Resident Carol Kulick purchasing fresh fruits and vegetables at her local grocery store.

Food insecurity is an issue for many low-income seniors. That’s why HumanGood, the sixth largest not-for-profit multi-site senior living and care provider in the country, according to the 2021 LeadingAge Ziegler 200, created a program to help fix the problem.

Cupboards of Care was created in 2016 with a mission to help residents of HumanGood’s affordable senior housing communities embrace healthy eating habits and improve food security. Since then, the program has helped more than 300 households and raised more than $403,000.

“Food insecurity is an issue for many low-income seniors, and the 2020-2021 pandemic exacerbated the problem” said Lynn Marie Johnson, vice president of philanthropy and mission support at HumanGood. “We are grateful for the support from our foundation partners and individual benefactors who recognize the need and impact of this program.”  

As part of the program, participants receive nutritional counseling through Unidine, as well as education to help them make better nutritional choices within their budgets. Each of the participants also received a prepaid gift card to use to buy items typically difficult to accommodate in a budget, such as lean proteins or fresh produce.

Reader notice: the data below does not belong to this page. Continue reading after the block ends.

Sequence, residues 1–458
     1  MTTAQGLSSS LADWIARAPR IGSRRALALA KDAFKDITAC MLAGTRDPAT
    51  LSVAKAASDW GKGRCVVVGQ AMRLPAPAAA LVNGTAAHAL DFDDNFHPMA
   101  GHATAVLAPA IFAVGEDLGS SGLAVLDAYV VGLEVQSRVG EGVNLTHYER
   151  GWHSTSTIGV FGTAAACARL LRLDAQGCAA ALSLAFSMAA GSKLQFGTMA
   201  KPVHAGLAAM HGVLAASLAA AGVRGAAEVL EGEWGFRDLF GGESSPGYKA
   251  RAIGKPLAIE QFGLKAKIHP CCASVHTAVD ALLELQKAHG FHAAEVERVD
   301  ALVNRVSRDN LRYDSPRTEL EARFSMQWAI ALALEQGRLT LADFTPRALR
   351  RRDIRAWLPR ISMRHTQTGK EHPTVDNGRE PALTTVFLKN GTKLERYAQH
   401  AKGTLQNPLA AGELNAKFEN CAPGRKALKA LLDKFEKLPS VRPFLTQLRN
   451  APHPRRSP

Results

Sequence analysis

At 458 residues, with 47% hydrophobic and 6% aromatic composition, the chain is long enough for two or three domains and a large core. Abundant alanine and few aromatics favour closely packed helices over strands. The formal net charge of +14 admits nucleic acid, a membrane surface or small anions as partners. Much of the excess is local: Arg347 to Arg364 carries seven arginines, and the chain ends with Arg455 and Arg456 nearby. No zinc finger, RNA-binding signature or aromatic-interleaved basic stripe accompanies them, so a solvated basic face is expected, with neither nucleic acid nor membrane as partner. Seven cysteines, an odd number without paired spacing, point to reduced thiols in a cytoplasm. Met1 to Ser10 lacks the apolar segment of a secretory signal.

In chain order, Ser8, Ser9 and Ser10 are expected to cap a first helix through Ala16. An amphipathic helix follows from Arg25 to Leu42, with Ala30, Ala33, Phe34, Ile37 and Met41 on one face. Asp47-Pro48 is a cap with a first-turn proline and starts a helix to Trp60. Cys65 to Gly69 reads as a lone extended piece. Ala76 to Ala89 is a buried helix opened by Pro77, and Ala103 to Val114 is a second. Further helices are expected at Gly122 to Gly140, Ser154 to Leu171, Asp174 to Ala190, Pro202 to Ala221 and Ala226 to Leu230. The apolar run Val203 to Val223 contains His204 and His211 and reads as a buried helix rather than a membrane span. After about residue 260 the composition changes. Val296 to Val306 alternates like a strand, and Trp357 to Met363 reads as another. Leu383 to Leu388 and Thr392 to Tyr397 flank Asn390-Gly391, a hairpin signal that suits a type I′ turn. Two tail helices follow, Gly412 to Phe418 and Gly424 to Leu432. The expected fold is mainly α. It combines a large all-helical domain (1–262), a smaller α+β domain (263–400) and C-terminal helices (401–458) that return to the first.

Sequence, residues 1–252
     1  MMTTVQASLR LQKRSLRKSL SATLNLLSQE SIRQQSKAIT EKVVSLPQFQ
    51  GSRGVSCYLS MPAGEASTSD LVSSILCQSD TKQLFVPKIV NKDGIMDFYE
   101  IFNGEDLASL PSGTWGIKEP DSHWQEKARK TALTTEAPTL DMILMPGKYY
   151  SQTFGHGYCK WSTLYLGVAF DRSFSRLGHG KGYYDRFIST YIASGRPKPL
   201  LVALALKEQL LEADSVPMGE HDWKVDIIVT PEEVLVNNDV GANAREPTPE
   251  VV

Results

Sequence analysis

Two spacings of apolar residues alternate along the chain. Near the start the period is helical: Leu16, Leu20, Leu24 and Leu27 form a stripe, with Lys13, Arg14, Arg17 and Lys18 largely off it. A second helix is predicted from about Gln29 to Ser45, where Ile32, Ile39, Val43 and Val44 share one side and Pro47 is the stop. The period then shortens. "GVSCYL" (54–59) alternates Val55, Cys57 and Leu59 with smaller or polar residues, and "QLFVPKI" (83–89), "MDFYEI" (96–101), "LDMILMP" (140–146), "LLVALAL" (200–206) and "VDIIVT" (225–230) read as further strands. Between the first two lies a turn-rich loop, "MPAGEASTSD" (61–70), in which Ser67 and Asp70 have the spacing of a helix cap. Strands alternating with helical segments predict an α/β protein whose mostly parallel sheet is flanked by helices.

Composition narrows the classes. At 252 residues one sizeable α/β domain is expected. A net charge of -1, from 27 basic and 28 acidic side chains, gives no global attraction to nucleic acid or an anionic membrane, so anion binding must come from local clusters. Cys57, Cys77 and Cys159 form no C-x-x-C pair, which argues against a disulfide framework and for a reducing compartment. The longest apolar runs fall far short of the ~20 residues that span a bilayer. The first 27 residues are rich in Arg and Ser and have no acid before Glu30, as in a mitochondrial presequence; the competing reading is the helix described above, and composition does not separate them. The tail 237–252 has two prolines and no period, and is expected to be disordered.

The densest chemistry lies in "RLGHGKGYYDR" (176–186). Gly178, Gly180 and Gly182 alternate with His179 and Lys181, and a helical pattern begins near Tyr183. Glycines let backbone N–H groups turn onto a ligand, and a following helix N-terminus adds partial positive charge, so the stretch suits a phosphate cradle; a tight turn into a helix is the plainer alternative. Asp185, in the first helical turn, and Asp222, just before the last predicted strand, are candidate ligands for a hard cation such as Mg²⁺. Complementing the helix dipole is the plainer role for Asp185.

Since 2018, Cupboards of Care has helped residents buy more than 15,000 pounds of fresh fruits and vegetables. Residents have reacted positively, reporting increased food security and improved health —including lowered blood pressure, better stamina and effectively managing illness, such as diabetes.

“I feel blessed and privileged to be a participant in Cupboards of Care,” said resident Carol Kulik, who has been enrolled for two years. “The program gives me the special opportunity to stretch my limited financial resources in order to purchase healthier food items which can be out of reach. This is a wonderful gift to share with older adults who are on fixed incomes.”

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